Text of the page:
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By Eric Frederick, NC Local Newsletter Editor
Before you say, “This is kinda meta for NC Local, isn’t it?” … yes. It is.
Not long ago, as I was grousing a bit about the challenge of writing a narrative newsletter on the regular, my good friend Melanie Sill (founder of this one) had a beautiful suggestion: Talk to some other people doing the same thing. Write a newsletter about … writing a newsletter.
So I called three of my favorites: Jeremy Markovich, who writes the ridiculously entertaining, offbeat North Carolina Rabbit Hole; Melba Newsome, who writes the mission-driven, newsy Coastal Plains Environmental Advocate; and Kate Queram, who makes hard (and even depressing) news disarmingly engaging in News from the States Evening Wrap from Chapel Hill-based States Newsroom.
For me, writing NC Local, the biggest challenge often is deciding which main topic I’ll tackle each week. With a newsletter, that process sometimes feels … lonely. So I asked those folks to talk about how they do it.
Markovich on North Carolina Rabbit Hole
Jeremy Markovich is director of communications for the Program for Leadership and Character at Wake Forest University after two decades as a broadcast, print and digital journalist. He says he started writing Rabbit Hole in his spare time to again satisfy his urge to be independently creative and “get stuff out of my head” after his previous job at Our State magazine went from senior writer/editor to digital manager. Rabbit Hole is now a mix of free and reader-supported content. Adding a paid subscriber option, he says, “kind of sharpened it for me — OK, this is a business now … I’m really thinking about what I’m offering to people.”
“I keep a running file of stuff that just kind of pops into my head that I’m curious about,” he said, “and one of the things I try not to do — this is gonna sound weird from a journalist — but I try not to think: Is this newsworthy?… Sometimes a lot of stuff that is kind of useful, that people might be wondering about, doesn’t get picked up on because, hey, this isn’t news, necessarily. But I might just see something and I’m like, well, somebody is talking about it. Somebody is curious. I’m curious. What’s the answer to that? Where is this gonna lead me? And sometimes, it doesn’t lead you anywhere… like, you’re not gonna beat Wikipedia on this.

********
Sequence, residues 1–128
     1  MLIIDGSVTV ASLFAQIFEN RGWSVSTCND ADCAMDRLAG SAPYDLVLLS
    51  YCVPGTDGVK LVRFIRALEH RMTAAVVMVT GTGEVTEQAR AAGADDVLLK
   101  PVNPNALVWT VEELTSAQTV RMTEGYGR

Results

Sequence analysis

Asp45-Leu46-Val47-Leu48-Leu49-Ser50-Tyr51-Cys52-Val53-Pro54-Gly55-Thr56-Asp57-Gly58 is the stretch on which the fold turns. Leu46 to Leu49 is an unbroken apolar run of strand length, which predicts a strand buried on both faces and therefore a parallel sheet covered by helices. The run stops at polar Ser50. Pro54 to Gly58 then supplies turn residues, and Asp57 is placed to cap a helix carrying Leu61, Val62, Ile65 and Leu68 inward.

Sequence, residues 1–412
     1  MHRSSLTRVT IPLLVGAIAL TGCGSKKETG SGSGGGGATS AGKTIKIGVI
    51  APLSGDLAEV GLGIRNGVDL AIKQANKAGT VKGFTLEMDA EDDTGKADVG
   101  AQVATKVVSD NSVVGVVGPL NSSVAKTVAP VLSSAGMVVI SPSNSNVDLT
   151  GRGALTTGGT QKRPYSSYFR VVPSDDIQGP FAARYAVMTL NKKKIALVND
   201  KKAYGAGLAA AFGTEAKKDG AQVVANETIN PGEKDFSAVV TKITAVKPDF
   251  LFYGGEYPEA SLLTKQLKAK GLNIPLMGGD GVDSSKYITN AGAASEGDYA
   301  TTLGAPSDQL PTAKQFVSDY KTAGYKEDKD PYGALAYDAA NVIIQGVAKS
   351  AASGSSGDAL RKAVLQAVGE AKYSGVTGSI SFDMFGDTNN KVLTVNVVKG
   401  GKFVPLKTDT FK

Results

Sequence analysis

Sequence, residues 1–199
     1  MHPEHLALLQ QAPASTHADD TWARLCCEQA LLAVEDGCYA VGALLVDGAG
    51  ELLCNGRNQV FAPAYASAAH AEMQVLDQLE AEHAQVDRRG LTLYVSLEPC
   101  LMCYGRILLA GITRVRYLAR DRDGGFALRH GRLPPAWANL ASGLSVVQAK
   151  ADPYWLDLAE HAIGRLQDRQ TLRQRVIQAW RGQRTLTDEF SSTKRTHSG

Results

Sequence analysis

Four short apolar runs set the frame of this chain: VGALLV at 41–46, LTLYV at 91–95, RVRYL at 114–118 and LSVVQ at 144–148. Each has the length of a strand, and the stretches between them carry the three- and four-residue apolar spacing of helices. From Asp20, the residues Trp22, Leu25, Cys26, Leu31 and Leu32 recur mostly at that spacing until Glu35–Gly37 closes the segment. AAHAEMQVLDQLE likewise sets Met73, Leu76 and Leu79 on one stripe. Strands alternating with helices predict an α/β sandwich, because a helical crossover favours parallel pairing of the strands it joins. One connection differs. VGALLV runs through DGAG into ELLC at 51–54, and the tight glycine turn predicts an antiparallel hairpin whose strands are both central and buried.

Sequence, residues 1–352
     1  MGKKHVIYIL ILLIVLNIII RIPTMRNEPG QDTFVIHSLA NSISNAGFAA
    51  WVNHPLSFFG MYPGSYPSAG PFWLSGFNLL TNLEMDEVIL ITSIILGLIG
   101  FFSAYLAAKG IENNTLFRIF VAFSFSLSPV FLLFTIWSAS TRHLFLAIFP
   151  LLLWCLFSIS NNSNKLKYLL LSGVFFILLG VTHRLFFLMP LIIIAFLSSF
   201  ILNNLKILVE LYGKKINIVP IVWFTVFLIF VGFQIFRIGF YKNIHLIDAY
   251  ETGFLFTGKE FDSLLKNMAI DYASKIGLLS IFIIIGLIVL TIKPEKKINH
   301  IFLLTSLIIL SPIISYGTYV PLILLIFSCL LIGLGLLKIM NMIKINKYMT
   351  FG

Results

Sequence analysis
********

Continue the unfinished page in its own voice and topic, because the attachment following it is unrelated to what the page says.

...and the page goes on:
“But then sometimes, you just ask a couple questions or you look into it a little more deeply … and it’s, ‘I don’t think anybody’s done anything on this,’ and that is what makes it spring to life.
“I did something on the elephant that rampaged around Wilmington, which was something I’d never heard of. Somebody just said to me, ‘What’s up with this?’ And I was like, ‘I don’t know, but I’m now fascinated by it, and you can outsource it to me.’ I like to dig in on stuff that I think would be a good question to somebody that is just, you know, drifting by on the internet.”
And that’s how you get the story of the license plate that got DMV’s nose out of joint. Or Mick Jagger having a quiet beer unrecognized at a Charlotte dive bar — owned by a guy named Brian Wilson. (Can’t make this stuff up.) Or the millions on TikTok who admired the Alpine charm of Gastonia.
Other insights: His goal, he says, is for readers of each piece to “maybe have one little thing that sticks with you … I’ve done my job if it’s made the place where you live more interesting.”